List of Ottoman post offices in Palestine

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The List of Ottoman post offices in Palestine contains those post offices operated in Palestine during Ottoman rule. The establishment of a new imperial postal system in 1834 and development of the transportation network resulted in vast improvements in the transport and communications systems. International and domestic post offices were operated by the Ottoman administration in almost every large city in Palestine, including Acre, Haifa, Safed, Tiberias, Nablus, Jerusalem, Jaffa, and Gaza.[1]

The Imperial edict of 12 Ramasan 1256 (14 October 1840)[2] led to substantial improvements in the Ottoman postal system and a web of prescribed and regular despatch rider (tatar) routes was instituted.[3] Beginning in 1841, the Beirut-route was extended to serve Palestine, going from Beirut via Damascus and Acre to Jerusalem.[4]

Postal services were organized at the local level by the provincial governors and these leases (posta mültesimi) came up for auction annually in the month of March.[3] It is reported that in 1846 Italian businessmen Santelli and Micciarelli became leaseholders and ran a service from Jerusalem to Ramle, Jaffa, Sûr, and Saida.[5] By 1852, a weekly service operated from Saida via Sûr, Acre (connection to Beirut), Haifa, and Jaffa to Jerusalem, also serving Nablus beginning in 1856. That same year, two new routes came into operation: Jerusalem–Hebron–Gaza, and Tiberias–Nazareth–Chefa Omer–Acre.[6] In 1867, the Jerusalem-Jaffa route operated twice a week, and beginning in 1884, the Nablus-Jaffa route received daily despatches.[6]

Initially all the postal facilities had the status of relay stations, and letters received their postmarks only at the Beirut post office. In contradiction to that rule, a small number of markings Djebel Lubnan have been discovered:[7] these are believed by philatelists to have been applied by a relay station at Staura (Lebanon). In the 1860s, most relay stations were promoted to the status of branch post offices and received postmarks, initially only negative seals, of their own.[8] The postmarks of an office's postal section usually contained the words posta shubesi, as opposed to telegraf hanei for the telegraph section. In 1860 ten postal facilities worked in Palestine, rising to 20 in 1900 and 32 in 1917.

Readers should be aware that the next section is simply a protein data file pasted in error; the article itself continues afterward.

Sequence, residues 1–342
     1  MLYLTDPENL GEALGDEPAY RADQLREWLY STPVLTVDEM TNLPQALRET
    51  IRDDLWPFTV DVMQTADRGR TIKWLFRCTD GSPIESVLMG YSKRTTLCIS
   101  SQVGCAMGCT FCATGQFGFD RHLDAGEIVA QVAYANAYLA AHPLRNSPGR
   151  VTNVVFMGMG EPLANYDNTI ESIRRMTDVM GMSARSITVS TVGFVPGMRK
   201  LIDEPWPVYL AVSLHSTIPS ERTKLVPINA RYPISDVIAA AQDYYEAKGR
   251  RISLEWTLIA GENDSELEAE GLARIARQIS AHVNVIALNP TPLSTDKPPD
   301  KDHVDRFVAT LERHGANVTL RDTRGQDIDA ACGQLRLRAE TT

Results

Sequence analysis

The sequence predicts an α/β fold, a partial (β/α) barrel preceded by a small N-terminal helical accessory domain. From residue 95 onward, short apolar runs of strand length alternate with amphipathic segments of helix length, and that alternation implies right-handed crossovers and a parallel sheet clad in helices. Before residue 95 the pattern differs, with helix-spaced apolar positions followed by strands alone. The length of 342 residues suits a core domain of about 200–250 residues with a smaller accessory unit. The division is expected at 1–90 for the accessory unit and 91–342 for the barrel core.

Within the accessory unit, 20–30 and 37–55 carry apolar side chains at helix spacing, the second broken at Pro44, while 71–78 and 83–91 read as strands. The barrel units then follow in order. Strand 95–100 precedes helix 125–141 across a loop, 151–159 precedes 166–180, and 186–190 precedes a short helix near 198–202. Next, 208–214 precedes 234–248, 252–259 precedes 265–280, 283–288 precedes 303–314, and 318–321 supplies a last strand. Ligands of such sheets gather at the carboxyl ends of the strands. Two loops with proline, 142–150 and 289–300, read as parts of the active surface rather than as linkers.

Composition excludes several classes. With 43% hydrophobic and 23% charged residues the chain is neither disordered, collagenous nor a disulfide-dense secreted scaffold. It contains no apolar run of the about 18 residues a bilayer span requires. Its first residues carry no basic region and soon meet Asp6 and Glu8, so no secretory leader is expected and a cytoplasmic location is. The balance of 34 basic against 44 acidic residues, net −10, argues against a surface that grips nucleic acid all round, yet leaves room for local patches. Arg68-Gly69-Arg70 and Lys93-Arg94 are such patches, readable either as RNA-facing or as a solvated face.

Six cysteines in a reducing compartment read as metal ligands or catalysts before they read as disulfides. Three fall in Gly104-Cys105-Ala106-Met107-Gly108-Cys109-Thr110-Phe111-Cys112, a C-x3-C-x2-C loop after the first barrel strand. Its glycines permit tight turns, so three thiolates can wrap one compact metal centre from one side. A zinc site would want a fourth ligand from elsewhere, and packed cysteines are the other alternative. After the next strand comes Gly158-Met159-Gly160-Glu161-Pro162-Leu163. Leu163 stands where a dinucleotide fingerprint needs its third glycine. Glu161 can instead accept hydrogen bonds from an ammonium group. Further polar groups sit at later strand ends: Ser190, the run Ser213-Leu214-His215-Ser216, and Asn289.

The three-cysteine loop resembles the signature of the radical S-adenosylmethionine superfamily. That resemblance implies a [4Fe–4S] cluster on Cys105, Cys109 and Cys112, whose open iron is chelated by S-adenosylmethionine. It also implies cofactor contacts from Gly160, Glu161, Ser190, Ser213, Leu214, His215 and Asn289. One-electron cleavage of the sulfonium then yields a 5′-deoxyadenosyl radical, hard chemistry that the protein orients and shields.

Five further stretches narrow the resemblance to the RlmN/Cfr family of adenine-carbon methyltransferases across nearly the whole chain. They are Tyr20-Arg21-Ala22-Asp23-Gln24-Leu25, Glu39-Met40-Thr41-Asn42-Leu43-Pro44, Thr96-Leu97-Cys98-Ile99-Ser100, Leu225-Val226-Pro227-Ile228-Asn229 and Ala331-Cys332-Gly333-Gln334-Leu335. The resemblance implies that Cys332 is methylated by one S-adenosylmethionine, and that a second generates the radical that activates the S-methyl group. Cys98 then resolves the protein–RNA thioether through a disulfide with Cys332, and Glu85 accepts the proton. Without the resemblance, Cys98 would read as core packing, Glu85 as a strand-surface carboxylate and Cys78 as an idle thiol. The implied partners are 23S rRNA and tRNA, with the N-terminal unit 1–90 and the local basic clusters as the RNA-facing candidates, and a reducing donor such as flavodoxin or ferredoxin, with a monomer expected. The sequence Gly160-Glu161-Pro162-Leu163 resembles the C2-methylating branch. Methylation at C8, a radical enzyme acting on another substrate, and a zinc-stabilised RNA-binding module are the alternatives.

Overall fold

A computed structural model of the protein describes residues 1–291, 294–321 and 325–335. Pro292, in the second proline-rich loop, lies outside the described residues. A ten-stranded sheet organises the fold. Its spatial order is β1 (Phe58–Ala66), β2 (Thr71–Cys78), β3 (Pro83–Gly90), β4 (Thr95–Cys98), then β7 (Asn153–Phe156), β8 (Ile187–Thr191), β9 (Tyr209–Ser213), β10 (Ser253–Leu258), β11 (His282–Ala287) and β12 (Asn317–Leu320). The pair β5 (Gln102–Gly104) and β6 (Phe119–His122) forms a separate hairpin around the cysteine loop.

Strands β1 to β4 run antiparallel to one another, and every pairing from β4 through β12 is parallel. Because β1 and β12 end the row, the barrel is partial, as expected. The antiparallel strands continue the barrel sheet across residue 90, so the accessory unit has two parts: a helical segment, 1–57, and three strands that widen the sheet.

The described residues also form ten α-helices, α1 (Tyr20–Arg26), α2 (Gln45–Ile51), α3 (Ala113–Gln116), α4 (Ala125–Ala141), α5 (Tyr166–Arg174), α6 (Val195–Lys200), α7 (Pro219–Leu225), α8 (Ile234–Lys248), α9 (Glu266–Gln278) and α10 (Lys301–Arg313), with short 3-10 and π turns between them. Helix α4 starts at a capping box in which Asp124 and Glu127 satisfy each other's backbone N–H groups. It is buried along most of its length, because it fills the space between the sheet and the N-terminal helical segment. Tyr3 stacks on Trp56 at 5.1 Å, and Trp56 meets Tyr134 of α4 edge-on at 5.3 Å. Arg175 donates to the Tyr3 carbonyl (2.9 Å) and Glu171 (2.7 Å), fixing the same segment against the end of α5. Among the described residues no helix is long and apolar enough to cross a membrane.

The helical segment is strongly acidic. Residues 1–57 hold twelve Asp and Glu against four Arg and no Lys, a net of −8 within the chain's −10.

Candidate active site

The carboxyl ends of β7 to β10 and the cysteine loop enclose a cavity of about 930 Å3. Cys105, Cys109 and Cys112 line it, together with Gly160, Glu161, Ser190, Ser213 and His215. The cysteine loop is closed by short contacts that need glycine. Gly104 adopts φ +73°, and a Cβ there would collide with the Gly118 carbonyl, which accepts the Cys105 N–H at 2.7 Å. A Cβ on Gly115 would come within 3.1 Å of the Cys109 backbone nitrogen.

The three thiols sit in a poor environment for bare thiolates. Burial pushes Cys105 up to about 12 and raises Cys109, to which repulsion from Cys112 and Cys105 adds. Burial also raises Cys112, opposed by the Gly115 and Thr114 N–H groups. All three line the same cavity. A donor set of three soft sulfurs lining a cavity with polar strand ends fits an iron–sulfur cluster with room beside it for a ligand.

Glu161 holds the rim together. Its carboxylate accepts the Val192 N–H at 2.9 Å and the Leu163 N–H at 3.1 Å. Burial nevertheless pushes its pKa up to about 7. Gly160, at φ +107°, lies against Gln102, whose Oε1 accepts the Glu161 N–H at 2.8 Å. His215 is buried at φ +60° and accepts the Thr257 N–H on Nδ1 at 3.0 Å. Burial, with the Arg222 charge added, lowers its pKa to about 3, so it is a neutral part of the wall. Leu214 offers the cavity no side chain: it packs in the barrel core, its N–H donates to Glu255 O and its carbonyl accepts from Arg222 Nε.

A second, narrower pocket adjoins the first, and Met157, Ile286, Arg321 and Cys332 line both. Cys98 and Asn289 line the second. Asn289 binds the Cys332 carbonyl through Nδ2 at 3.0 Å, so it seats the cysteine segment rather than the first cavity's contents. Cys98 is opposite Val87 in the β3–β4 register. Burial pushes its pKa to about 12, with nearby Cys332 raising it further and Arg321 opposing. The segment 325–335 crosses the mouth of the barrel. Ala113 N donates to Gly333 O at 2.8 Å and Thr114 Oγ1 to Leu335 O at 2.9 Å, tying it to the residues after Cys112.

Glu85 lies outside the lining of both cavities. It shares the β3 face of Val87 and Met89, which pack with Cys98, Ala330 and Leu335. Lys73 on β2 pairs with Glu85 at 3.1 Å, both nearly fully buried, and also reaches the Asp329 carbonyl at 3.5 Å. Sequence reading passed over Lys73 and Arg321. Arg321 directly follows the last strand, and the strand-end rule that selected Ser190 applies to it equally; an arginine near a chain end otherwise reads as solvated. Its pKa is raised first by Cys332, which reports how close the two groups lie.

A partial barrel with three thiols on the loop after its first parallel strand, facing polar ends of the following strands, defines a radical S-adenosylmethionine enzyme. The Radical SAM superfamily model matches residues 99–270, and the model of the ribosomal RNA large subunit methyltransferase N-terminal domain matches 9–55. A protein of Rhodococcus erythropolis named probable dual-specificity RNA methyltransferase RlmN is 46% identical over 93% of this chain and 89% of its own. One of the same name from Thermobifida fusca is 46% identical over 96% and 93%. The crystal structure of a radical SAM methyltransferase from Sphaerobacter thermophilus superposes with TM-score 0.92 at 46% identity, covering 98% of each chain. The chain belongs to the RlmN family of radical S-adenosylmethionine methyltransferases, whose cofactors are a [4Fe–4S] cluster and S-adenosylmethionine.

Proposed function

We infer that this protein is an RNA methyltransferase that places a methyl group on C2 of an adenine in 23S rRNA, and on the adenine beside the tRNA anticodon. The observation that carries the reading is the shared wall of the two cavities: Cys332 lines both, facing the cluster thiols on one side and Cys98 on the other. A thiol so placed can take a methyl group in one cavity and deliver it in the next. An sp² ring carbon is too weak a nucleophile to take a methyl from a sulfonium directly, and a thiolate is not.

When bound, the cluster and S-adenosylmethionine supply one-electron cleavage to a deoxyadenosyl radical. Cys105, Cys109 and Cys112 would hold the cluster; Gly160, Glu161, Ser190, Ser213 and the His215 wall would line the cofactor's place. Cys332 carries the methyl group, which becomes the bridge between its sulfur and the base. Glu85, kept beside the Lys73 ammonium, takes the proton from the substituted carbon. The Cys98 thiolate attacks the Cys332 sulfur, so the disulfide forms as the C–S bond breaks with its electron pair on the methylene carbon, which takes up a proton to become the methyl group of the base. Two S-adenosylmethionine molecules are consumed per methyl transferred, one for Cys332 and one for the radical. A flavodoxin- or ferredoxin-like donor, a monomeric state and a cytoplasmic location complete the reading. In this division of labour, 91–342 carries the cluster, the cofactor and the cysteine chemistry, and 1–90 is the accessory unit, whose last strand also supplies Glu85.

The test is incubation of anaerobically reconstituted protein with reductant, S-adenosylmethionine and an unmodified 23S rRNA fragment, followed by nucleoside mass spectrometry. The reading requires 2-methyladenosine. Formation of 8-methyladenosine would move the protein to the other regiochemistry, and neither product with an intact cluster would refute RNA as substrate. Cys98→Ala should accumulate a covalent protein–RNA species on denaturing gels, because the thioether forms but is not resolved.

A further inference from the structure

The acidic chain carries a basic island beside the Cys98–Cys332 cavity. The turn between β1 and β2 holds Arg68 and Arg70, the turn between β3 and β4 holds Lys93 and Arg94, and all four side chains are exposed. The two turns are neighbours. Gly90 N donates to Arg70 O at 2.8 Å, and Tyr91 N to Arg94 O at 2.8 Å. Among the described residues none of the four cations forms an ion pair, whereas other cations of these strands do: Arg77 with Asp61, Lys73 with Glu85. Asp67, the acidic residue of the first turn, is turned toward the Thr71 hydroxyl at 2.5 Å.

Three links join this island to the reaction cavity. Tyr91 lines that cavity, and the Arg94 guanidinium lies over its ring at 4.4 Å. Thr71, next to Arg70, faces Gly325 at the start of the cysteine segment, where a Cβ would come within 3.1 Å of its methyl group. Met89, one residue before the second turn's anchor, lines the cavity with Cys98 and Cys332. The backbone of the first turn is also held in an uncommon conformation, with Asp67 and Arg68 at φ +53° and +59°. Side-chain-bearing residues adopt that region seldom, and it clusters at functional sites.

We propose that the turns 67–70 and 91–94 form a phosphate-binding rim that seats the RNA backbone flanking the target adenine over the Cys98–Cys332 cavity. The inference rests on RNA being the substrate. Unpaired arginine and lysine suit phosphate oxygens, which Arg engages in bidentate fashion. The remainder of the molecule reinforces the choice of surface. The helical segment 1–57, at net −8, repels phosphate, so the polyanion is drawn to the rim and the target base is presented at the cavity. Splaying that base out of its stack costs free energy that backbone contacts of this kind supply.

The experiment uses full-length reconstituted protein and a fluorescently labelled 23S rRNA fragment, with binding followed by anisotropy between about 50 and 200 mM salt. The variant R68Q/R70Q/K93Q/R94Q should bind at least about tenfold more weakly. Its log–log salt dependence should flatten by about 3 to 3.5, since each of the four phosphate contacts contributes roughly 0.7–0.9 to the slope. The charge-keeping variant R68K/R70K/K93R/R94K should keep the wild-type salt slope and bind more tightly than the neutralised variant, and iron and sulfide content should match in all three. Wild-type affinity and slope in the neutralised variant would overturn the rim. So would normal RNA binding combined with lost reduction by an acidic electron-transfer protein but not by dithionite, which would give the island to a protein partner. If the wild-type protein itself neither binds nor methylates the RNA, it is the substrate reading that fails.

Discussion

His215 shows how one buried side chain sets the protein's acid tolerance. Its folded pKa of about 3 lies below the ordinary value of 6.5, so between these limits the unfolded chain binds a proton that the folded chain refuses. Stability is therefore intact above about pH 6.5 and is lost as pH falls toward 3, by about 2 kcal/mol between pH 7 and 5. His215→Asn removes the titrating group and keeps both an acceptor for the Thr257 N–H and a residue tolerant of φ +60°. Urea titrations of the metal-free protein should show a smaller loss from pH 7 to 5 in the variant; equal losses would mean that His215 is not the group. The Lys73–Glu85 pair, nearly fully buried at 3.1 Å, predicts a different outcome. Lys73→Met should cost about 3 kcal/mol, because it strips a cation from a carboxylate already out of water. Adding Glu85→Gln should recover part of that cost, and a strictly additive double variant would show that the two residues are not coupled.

Ottoman post offices[edit]

Place name (Name)[O 1] Population
(Year)[O 2]
Est.[O 3] Dates of Known Usage[O 4] Refs.
Ord.[O 5] Reg.[O 6] Off.[O 7] Tel.[O 8] Cens.[O 9]
Acre (`Akkâ) 12000 (1915) 1841 1869–1918 1885–1918 1884–1914   1916–1917 [9][10][11]
Afula (`Afula)   1919 1917–1918 1918       [12][13][14]
Aioun Cara (`Uyûn Qâra) 950 (1916)   1904–1916 1916       [15][16][17]
Beit Djala (Bait Djâla) 6000 (1915)   1913–1916         [16][17][18]
Beni Saab (Tulkarem) (Beni Sa`b) 5000 (1916)   1879–1918 1917 1912–1913 1912 1917–1918 [19][20][21]
Bethlehem (Bait al-Lahm) 12000 (1915) 1870 1900–1917 1895–1917   1885–1914   [17][22][23]
Bireh (al-Bîra) 1000 (1910)   1908–1917     1917   [17][24][25]
Bir ul-Sebbe (Bi'r as-Seb`a) 3000 (1915)   1911–1917 1916   1883 1915–1917 [17][26][27]
Bissan (Beysân) 3000 (1910) <1903 1908–1918         [14][20][28]
Bon Samaritain (Khân al-Hatrûra)     1902–1914         [17][29][30]
Chefa Omer (Shefâ `Amr) 3000 (1918)   1890–1918         [31][32][33]
(Rehoboth) (Daurân) 1200 (1918)   1910–1915 1916       [34][35][36]
Djaune (Rosch-Pinah) (Djâ`ûn) 1000 (1918)   1910–1918         [13][37][38]
Djenine (Djanîn) 2000 (1910) 1871 1871–1918 1918   1895–1897   [38][39][40]
Gaza (Ghaza) 30000 (1915) 1856 1970-1917 1902–1917 1893–1903   1916 [17][41][42]
Hafir (Hafîr)     1915–1917         [17][43][44]
Haifa (Hayfâ) 20000 (1915) 1852 1865–1918 1898–1918   1901–1918 1914–1918 [33][45][46]
Haifa Hejaz Railway (Hîfâ Hîmîdiya Hidjâz Demiûryolu)     1907         [33][47][48]
Haifa Iskelesi (Port Railway) (Hîfâ `Isqelesi)   <1909 1914         [49][50]
Haifa Sari ul-Kanasil (German Quarter) (Hayfâ Shâri`a al-Qanâsil)   <1909 1914         [51][52]
Halasa (Halâsa)     1916–1917         [44][53]
Halil ul-Rahman (Khalîl ar-Rahmân) 22000 (1916) 1850 1892–1917 1909–1912 1903–1904     [17][44][54]
Jaffa (Yafa) 40000 (1915) 1838 1868–1917 1984-1917   1865–1916 1914–1917 [55][56][57]
Jaffa Iskelesi (Port) (Yafa Iskelesi)     1895–1899         [57][58][59]
Jaffa Menchie (Menshiye)     1910–1915         [36][59][60]
Jaffa Tel Abib (Tel Abîb)   <1914 1917         [36][59][61]
Jericho (Arîhâ) 1000 (1910) 1900 1900–1918         [35][57][62]
Jerusalem (al-Quds) 80000 (1915) 1841 1868–1917 1890–1917 1877–1899 1866–1917 1914–1917 [63][64][65]
Jerusalem Camp Imperial (Qudüs Iqâmetkâ-i Imperâtûri)     1898         [66][67][68]